Report No. 29, 56th Parliament - Motor Accident Insurance and Other Legislation Amendment Bill 2019

Committee's Report

The committee tabled its report, No. 29, 56th Parliament - Motor Accident Insurance and Other Legislation Amendment Bill 2019 on 9 August 2019. The Bill was passed with amendment on 26 November 2019.

View:Debate of the Bill in Parliament (24 October 2019 – transcript – pages 3678-3694) and (26 November 2019 - transcript - pages 3739-3747). The debate can be viewed by clicking on the movie icon within the transcript.
View:Motor Accident Insurance and Other Legislation Amendment Bill 2019
View:Explanatory notes
View:Explanatory speech

About the Bill

On 14 June 2019, the Hon Jackie Trad MP, Deputy Premier, Treasurer and Minister for Aboriginal and Torres Strait Islander Partnerships, introduced the Motor Accident Insurance and Other Legislation Amendment Bill 2019 (Bill) into the Legislative Assembly. The Bill was referred to the Economics and Governance Committee for detailed consideration and report by 9 August 2019.

The explanatory notes stated that the objective of the Bill was to stop the practice of insurance ‘claim farming’. This involved anonymous persons contacting members of the public from overseas call centres or via email or social media, to ask whether they or a family member had been involved in a motor vehicle accident. These ‘claim farmers’ often suggested they were acting on behalf of the Motor Accident Insurance Commission (MAIC) or other government agencies or insurers, or engaged other tactics to create an impression of credibility.

Claim farmers induced or harassed individuals to make a claim under the statutory insurance scheme established by the Motor Accident Insurance Act 1994 (Act), often with the promise of quick and easy compensation, and may have even offered to coordinate medical treatment. Claim farmers then sold an individual’s personal information obtained through this contact for a fee to a legal practitioner or other claims management service provider, who then handled claims under the scheme. The Bill proposed to prevent claim farming by:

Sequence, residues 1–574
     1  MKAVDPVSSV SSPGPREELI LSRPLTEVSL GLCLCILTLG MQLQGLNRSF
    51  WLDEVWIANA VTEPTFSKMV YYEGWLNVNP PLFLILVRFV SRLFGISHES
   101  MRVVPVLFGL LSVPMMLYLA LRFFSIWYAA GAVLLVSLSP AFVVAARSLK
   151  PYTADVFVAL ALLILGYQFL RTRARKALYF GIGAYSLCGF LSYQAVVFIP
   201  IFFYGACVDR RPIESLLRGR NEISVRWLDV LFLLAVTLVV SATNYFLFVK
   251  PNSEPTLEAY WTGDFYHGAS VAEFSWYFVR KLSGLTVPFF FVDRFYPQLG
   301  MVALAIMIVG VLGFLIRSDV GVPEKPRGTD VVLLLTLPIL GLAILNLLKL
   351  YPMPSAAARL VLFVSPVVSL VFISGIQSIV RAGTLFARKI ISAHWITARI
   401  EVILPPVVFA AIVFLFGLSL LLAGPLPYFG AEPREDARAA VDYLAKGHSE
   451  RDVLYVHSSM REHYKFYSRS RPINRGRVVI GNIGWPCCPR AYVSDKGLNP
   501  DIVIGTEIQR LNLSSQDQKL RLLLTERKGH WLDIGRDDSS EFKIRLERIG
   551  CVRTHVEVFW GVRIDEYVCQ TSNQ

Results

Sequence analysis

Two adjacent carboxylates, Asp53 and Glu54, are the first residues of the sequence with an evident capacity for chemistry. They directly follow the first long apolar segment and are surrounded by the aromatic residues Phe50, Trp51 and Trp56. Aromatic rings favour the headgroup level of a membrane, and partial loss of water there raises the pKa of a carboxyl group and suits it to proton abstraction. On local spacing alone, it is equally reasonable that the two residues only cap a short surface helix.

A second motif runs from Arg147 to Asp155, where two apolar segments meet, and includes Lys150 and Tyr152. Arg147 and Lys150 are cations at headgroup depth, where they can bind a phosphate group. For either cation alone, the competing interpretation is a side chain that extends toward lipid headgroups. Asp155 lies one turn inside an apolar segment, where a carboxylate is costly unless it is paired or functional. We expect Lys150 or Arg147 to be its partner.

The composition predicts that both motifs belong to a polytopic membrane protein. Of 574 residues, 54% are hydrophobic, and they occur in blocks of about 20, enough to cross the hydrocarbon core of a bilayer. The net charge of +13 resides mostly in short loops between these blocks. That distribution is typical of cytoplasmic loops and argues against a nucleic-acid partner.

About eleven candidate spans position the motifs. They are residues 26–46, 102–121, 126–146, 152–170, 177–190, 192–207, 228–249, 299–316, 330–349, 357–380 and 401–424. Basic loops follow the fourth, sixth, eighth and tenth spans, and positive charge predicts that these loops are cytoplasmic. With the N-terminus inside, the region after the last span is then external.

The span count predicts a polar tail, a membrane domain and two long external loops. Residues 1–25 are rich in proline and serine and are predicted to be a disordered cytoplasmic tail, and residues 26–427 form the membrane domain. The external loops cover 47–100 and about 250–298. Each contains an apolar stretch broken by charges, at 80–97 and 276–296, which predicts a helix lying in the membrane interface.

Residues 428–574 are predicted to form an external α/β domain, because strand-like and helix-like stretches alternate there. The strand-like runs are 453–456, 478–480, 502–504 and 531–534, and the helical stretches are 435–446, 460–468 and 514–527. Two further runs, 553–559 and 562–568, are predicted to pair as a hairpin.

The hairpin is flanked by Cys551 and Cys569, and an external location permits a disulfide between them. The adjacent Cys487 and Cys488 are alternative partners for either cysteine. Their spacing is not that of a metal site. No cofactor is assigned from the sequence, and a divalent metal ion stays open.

• creating two new offences prohibiting claim farming
  • requiring a supervising principal of the law practice acting for a claimant to complete a law practice certificate affirming that the supervising principal and each associate of the practice have not engaged in claim farming and, if the claim is a speculative personal injury claim, confirming that the costs agreement for the claim is in compliance with statutory rules regarding the maximum amount the practice can recover in legal costs for a speculative personal injury claim (the ‘50/50 rule’)
  • strengthening the enforcement and special investigation powers of the MAIC
  • expanding the MAIC’s functions to include the investigation and prosecution of claim farming, and
  • expanding the objects of the Act to encourage licensed insurers to act in a way that supports the integrity of, and promotes public confidence in, the statutory insurance scheme.


Public briefing:Monday 1 July 2019 - Transcript
Submissions closed:Wednesday 3 July 2019 at 5:00pm
Public hearingMonday 22 July 2019 - Transcript
Report:Friday 9 August 2019
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